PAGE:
For the first time since the state began its Mississippi River freshwater diversion program, projects are running at full or near full capacity.
"The main reason is to battle the effect of the oil on our wetlands," Chuck Villarubia said. "This is totally new territory for all of us."
Villarubia headed the first venture, the Caernarvon Freshwater Diversion in St. Bernard Parish, nearly 10 years ago. Seven others, the newest at Bayou Lamoque in Plaquemines Parish, have come on line since 2003.
Villarubia said the projects' target is to reintroduce freshwater into wetlands that were freshwater areas before the Mississippi River's levees were raised to their current heights during the past 80 years.
"The water in these areas was turning saltier and saltier ... and the projects were designed to return a more historically natural regime to these areas," Villarubia said.
He said any success combating the oil in the state's wetlands will not be known immediately, but flow rates are usually not strong enough to offset tidal movement.
"How much it will help is anybody's guess," he said. "Nature moves a lot more water than we can, but the flushing that comes from the projects, and the extraneous material from the river that's deposited in the areas helps ... with productivity in the food chain during period when the diversions are running."
Project outlines show light sediment deposits and increased freshwater enhances plant growth, plant diversity and wetlands stabilization.
The Caernarvon Project had another effect: The canals and downflow areas in the Delacroix marshes became a freshwater fisherman's heaven.
The state's Inland Fisheries Section stocked Florida-strain largemouth bass. Bass weighing more than eight pounds were common until Hurricane Katrina in 2005. Sac-a-lait and bluegill also thrived.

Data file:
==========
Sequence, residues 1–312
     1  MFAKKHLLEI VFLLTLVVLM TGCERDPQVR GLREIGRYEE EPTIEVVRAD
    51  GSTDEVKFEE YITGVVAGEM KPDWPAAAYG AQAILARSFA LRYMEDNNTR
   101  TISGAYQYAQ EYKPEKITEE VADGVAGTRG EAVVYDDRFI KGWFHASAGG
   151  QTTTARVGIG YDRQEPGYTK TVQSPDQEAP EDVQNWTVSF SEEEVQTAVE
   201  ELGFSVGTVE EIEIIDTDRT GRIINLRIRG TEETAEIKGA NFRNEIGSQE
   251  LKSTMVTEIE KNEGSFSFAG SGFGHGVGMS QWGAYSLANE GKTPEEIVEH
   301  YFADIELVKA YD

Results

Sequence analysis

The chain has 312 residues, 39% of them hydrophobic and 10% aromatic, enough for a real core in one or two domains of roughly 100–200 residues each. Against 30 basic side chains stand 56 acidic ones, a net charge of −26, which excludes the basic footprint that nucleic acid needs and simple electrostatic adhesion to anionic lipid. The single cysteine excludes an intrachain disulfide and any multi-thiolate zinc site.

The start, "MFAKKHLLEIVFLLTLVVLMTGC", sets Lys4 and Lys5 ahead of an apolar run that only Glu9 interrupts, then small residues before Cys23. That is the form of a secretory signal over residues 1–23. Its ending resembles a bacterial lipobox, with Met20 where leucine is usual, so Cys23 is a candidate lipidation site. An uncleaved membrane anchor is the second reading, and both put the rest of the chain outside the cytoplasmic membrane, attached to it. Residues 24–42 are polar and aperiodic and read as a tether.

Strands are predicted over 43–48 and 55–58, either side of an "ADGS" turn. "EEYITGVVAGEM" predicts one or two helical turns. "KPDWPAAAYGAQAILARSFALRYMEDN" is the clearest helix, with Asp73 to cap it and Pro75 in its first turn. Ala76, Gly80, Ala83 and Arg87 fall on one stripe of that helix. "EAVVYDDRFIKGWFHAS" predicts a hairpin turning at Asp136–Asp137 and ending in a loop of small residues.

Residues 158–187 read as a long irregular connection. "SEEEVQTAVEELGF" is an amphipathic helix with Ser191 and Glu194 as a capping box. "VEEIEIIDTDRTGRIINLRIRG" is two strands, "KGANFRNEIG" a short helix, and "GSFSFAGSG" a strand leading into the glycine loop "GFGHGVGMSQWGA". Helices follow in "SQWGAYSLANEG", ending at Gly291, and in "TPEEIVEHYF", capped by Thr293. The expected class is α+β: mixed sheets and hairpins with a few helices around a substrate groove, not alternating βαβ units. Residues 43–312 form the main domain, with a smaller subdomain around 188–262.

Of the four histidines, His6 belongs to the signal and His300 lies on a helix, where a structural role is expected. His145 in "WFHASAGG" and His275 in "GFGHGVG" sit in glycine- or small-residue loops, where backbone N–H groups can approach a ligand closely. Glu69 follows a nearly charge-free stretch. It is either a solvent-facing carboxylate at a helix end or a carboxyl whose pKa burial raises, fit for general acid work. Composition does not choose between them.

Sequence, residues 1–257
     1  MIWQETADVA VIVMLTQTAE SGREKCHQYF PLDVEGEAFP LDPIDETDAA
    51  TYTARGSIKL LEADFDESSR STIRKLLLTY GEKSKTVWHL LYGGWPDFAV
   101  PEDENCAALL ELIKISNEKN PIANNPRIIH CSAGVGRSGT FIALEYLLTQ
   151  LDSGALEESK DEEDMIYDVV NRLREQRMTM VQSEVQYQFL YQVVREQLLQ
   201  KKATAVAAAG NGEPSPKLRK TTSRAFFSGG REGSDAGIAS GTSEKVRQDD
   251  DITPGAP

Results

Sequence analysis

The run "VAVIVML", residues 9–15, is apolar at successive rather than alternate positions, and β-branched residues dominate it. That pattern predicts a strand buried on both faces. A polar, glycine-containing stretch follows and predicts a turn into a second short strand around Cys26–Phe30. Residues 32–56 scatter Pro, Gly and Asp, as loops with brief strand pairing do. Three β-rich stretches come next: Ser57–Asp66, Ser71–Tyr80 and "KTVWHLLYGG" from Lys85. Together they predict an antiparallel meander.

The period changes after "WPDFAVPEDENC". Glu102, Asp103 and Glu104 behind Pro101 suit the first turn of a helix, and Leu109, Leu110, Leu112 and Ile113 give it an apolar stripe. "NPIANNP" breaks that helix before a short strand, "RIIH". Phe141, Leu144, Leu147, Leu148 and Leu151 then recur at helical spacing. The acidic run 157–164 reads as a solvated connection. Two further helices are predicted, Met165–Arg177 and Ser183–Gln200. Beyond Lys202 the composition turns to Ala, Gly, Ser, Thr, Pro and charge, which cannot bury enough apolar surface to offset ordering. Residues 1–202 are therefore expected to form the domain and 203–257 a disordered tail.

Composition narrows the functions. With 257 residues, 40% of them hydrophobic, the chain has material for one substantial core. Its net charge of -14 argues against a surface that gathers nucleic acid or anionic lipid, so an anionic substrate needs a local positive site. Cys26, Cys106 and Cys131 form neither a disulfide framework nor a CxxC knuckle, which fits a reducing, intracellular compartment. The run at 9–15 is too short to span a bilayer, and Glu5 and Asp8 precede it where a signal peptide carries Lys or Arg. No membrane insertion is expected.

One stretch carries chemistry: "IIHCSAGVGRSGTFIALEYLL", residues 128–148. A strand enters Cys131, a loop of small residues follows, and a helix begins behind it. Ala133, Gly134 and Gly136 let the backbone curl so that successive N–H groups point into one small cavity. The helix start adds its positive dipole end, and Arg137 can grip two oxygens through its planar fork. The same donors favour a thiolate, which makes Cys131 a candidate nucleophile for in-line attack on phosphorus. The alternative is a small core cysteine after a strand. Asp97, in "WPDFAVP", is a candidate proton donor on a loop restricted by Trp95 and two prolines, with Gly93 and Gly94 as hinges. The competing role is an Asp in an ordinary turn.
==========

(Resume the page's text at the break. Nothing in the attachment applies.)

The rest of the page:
"It definitely expanded the freshwater fishery in the Delacroix area," state fisheries biologist Tim Morrison said. "And what we found out at Caernarvon helped us to anticipate what would happen at Davis Pond (diversion)."
Davis Pond, the northernmost completed project, is pumping at capacity for the first time since it was put on line nearly three years ago. It feeds freshwater into the upper reaches of the Barataria estuary that wends south toward Barataria and Caminada bays.
The largest north-area lakes are Cataouatche and Salvador, and it's Cataouatche that's attracted bass anglers' attention across the country.
During the past three years, as many as 30 bass weighing more than 10 pounds have come from this once brackish-water lake.
"Prior to starting up the (Davis Pond) diversion, we stocked Florida bass there," Morrison said. "We have crews there now and other diversion areas to find out the current effects as we go through this process. There might be some consequences, maybe expanding some aquatic vegetation."
Morrison said the staff understands bass fishermen like expansive grass beds, but added that it causes navigation problems: "And too much turbidity (muddy water) could remove some of the vegetation and that's not good either," Morrison said.
Another state biologist, Larry Reynolds, the state's Waterfowl Study leader, said he prays daily for anything that will help the marshes near the mouth of the Mississippi River, areas that are home to a million or more overwinter migratory waterfowl annually.
He said his worst fears were realized when oil was found in the interior areas of the Pass a Loutre Wildlife Management Area and the Delta National Refuge, expanses of marshes rich in the history of North American waterfowl lore.
"We are debating what the impacts will be to waterfowl when their habitat gets oiled," Reynolds said. "We're hoping the freshwater diversions will be preventative mechanisms, but we're not sure how much they can help.
"We've never seen this flow from the diversions before, so we might get help (with waterfowl habitat) in other wetlands," Reynolds said. "It's interesting that it took an emergency like this to give us the political will to flow these projects at the rates they were designed to flow."
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